Aramis Ramirez ($21) - if his knee strain isn't serious, Ramirez should do what Ramirez usually does in 2013, and that is hit 25+ HRs, drive in 90+ and hit .290 or better. Love that for $21.
Ryan Howard ($17) - Doug Dennis from Baseball HQ had the best buy in the draft with Howard at $17. Love the price. Howard may not hit for a high BA, but he offsets that with 30+ HRs and 100+ RBI. A steal.
Allen Craig ($26) - Craig went off the board at $26 to Brad Evans at Yahoo Sports and I am surprised he didn't go for $30+. If he can stay healthy, a big question mark, he could go 30-90-.300 this season.
Mat Latos ($15) - Nate Ravitz from ESPN won the bidding on Latos at $15 and he might prove to be the steal of the NL starting pitcher market in 2013. Latos proved he could pitch just as well in Great American Ball Park as he did at Petco Park. He is an ace in the making.
Pedro Alvarez ($15) - Jeff Erickson from Rotowire won the bidding on Alvarez at $15, which to me is another steal. 30+ home run power for $15? Sign me up.
Worst Auction Values
Bryce Harper ($35) - love Harper this season, but $35 seems excessive for the 20 year old outfielder. Steve Gardner from USA Today was the buyer, and Harper will have to put up a 25-25 season with 100 runs scored to meet that price. And he very well could. Maybe it's just that $35 exceeded my expectations for his auction price.
Johan Santana ($5) - Santana hasn't thrown off a mound yet in spring training, as he elected to not throw this offseason. I think the experts should have heard the preverbial "crickets" after the assumed opening bid of $1.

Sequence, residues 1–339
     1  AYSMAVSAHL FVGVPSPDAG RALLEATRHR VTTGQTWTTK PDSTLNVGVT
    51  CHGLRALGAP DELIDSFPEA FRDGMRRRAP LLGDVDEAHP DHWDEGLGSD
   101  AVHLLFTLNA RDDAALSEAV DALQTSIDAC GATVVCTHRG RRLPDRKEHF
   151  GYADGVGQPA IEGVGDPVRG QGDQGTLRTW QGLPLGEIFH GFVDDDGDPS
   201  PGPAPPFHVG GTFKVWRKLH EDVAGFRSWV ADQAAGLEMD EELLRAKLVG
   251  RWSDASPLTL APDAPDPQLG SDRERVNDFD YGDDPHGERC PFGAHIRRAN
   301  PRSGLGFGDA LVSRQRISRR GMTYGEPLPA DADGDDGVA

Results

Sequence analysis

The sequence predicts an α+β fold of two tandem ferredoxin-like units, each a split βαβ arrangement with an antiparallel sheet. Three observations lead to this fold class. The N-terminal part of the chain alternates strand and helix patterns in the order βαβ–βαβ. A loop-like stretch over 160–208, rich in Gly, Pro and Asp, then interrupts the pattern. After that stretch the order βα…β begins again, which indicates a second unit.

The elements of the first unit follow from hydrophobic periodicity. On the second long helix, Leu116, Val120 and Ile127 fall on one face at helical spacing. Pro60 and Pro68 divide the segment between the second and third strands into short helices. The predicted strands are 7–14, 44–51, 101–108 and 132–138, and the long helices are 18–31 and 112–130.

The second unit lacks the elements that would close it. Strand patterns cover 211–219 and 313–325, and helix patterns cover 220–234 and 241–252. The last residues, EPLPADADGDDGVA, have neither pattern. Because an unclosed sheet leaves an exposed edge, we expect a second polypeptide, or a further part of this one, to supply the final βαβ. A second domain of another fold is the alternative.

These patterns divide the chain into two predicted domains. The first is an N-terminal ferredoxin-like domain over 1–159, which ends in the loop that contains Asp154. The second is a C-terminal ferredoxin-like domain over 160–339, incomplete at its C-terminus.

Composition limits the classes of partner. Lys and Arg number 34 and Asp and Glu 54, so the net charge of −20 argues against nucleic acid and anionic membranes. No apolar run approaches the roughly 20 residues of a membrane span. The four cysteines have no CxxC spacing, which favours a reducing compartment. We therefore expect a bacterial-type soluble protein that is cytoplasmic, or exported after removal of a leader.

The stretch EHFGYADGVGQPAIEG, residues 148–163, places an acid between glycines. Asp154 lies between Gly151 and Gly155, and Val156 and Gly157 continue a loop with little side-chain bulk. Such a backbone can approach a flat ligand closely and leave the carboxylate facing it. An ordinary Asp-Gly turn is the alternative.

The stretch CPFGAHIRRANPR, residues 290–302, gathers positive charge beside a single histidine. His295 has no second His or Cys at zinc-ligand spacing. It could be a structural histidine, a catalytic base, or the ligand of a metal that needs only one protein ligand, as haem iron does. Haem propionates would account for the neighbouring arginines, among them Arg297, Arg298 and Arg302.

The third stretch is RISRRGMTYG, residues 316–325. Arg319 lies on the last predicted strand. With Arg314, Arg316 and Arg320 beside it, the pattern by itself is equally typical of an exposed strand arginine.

Starling Marte ($18) - Evans won the bidding on Marte as well, and he is putting his outfield budget in some young, inexperienced players.
Wilin Rosario ($18) - look, I am a sucker for power hitters at any position, but I wonder if Rosario's 2012 breakout will be followed by a down season in 2013. Jeff Erickson from Rotowire.com won the bidding rights on Rosario.
Roy Halladay ($20) - Jeff Erickson won the biddling on Halladay, and I am not a fan. After his down year in 2012, I don't see Halladay as a $20 pitcher this season, or ever again.
Current and Former Prospects
The auction prices for current and former prospects is always something I look forward to in the LABR/Tout Wars auction drafts, so without further ado, let's take a look at winning bid prices:
Billy Hamilton ($6) - Hamilton has a chance for a late season call up, and could provide 20 stolen bases in just two months of action. He will lead the majors in stolen bases if he can translate his hit tool at the highest level.
Jedd Gyrorko ($10) - the LABR experts feel that Gyorko will win the San Diego second base job as he went for $10 to Ambrosius and Childs at NFBC fairly early in the draft.
Matt Harvey ($14) - his late season cup of coffee certainly aided the bidding in Harvey this season. Harvey should contribute in strikeouts with a decent ERA and WHIP in 2013.
Nolan Arenado ($8) - on the same night that we learn that Arenado has a shot at making the big league club out of spring training, Derek Carty's $8 bid was enough to secure his services. Nice bid if he makes the team. I just don't understand his draft strategy this season.
Bryce Harper ($35) - see above.
Anthony Rizzo ($23) - Rizzo went for $23 to Brad Evans at Yahoo Sports, which seems a few dollars too high for me.
Oscar Taveras ($5) - Tsveras is the best hitting prospect in baseball and Brad Evans from Yahoo won the bidding on the future hitting stud. Taveras won't break camp with the Cardinals, but with injury-prone Carlos Beltran and John Jay in center field, Taveras is just a phone call away. He is ready for the big leagues.
Starling Marte ($18) - see above.
Domonic Brown ($8) - Brown will finally get a chance to play every day in Philly, and he is showing some power this spring as well.
Travis d'Arnaud ($8) - Derek Carty won the biddling on d'Arnaud who has solid power potential, but may not see time in New York till midseason after missing some AAA time last year to an injury.